Spiced Pickled Quinces


Spiced Pickled Quinces

This pickle is great with pork and duck, ham, pâtes and terrines, as well as cheese. It is amazing with chèvre.

Category: Preserves
Style: English
Keyword: Pickled Quinces, pickles, Quinces, Spiced Quinces
Quantity: 6 250 ml jars
Author: sbaskitchen
  • 8 quinces
  • Cold water to cover
  • 2 tsp sea salt
  • coriander seeds
  • cumin seeds
  • sugar
  • white wine or cider vinegar
  1. Wash the quinces and rub off any fluff from the skins.
  2. Peel and core the quinces, retaining the skins and cores (see note below).
  3. Cut each quince into eight pieces and place them in a pan.
  4. Cover with water and add the salt, then bring to the boil.
  5. Simmer for about 10 minutes, then strain the liquid from the fruit, and retain both the liquid and the fruit.
  6. Return the fruit to the pan.
  7. Measure the cooking liquid into another pan, and for every 600 ml (1 pint), add 450g (1 lb) sugar, 150 ml (1/4 pint) vinegar, 1 teaspoon coriander seeds and 1/2 teaspoon cumin seeds, both of which have been gently roasted in a frying pan.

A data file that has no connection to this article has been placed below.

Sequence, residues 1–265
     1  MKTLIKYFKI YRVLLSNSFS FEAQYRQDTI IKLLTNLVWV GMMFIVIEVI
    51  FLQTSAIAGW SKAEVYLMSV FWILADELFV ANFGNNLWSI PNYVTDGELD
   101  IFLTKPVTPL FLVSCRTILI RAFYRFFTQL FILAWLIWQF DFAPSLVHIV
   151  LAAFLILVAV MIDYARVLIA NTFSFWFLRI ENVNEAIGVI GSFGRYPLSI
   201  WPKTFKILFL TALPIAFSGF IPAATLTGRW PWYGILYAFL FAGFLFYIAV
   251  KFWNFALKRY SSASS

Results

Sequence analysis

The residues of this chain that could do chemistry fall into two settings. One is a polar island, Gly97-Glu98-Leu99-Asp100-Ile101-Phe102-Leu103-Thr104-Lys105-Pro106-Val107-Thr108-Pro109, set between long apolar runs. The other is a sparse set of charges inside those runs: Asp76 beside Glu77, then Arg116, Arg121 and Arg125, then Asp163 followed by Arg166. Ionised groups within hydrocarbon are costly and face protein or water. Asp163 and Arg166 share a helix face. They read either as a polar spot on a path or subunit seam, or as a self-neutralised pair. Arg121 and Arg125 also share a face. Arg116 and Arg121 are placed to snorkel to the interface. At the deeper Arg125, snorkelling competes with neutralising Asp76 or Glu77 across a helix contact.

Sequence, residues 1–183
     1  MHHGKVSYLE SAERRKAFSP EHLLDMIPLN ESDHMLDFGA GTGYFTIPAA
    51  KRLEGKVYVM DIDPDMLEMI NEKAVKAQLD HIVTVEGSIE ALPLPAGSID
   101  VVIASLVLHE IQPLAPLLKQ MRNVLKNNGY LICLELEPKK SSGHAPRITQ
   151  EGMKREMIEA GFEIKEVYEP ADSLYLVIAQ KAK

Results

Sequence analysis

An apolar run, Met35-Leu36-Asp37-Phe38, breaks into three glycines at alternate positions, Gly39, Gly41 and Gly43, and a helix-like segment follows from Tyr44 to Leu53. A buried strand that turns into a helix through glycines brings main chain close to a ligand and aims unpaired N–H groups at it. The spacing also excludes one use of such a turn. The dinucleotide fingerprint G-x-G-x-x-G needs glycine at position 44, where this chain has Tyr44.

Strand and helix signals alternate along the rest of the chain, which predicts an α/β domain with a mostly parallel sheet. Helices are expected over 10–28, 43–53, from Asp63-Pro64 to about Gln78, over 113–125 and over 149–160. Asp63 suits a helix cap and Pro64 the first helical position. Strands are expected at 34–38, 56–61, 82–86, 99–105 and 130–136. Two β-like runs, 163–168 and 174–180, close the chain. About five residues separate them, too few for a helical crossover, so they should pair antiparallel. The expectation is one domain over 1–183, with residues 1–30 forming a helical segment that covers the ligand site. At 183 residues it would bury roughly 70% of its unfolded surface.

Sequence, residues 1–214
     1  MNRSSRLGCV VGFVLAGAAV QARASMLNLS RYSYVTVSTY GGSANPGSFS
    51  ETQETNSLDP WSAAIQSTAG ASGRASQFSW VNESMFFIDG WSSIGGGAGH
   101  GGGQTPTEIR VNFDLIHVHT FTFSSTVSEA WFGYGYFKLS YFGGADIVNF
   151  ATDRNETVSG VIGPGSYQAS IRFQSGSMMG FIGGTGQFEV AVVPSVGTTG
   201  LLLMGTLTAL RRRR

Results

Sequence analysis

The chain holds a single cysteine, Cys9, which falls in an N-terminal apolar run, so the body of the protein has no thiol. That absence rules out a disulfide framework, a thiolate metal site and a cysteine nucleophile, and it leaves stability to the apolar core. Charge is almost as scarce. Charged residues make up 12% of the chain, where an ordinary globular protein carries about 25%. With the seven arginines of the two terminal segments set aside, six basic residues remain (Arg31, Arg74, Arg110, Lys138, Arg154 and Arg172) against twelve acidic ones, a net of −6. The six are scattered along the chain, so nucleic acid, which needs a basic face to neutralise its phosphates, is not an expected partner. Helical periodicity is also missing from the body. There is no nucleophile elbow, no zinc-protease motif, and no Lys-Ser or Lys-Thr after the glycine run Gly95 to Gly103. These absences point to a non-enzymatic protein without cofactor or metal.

8. Bring to the boil over a medium heat, stirring until the sugar has dissolved, and then simmer for 5 minutes.
  9. Pour the liquor over the quinces and bring to the boil.
  10. Simmer gently for 45 minutes.
  11. Using a slotted spoon, transfer the quince pieces to warm, sterilised jars.
  12. Continue cooking the liquor for a further 10 minutes, until you have a syrup that covers the back of a spoon.
  13. Pour the syrup over the quince pieces and seal the jars.
  14. Allow the pickle to sit for a month before using.
  • Store in a cool, dark place.
  • Adapted from Spiced Quinces "Good Old-Fashioned Jams, Preserves and Chutneys", 2008, Sara Paston-Williams, National Trust Books, p60.
  • Use the cores and peal to make Quince Jelly.


Here we have added the quince to a canapé of my home cured prosciutto and chèvre on crostini, with a little rocket to garnish.


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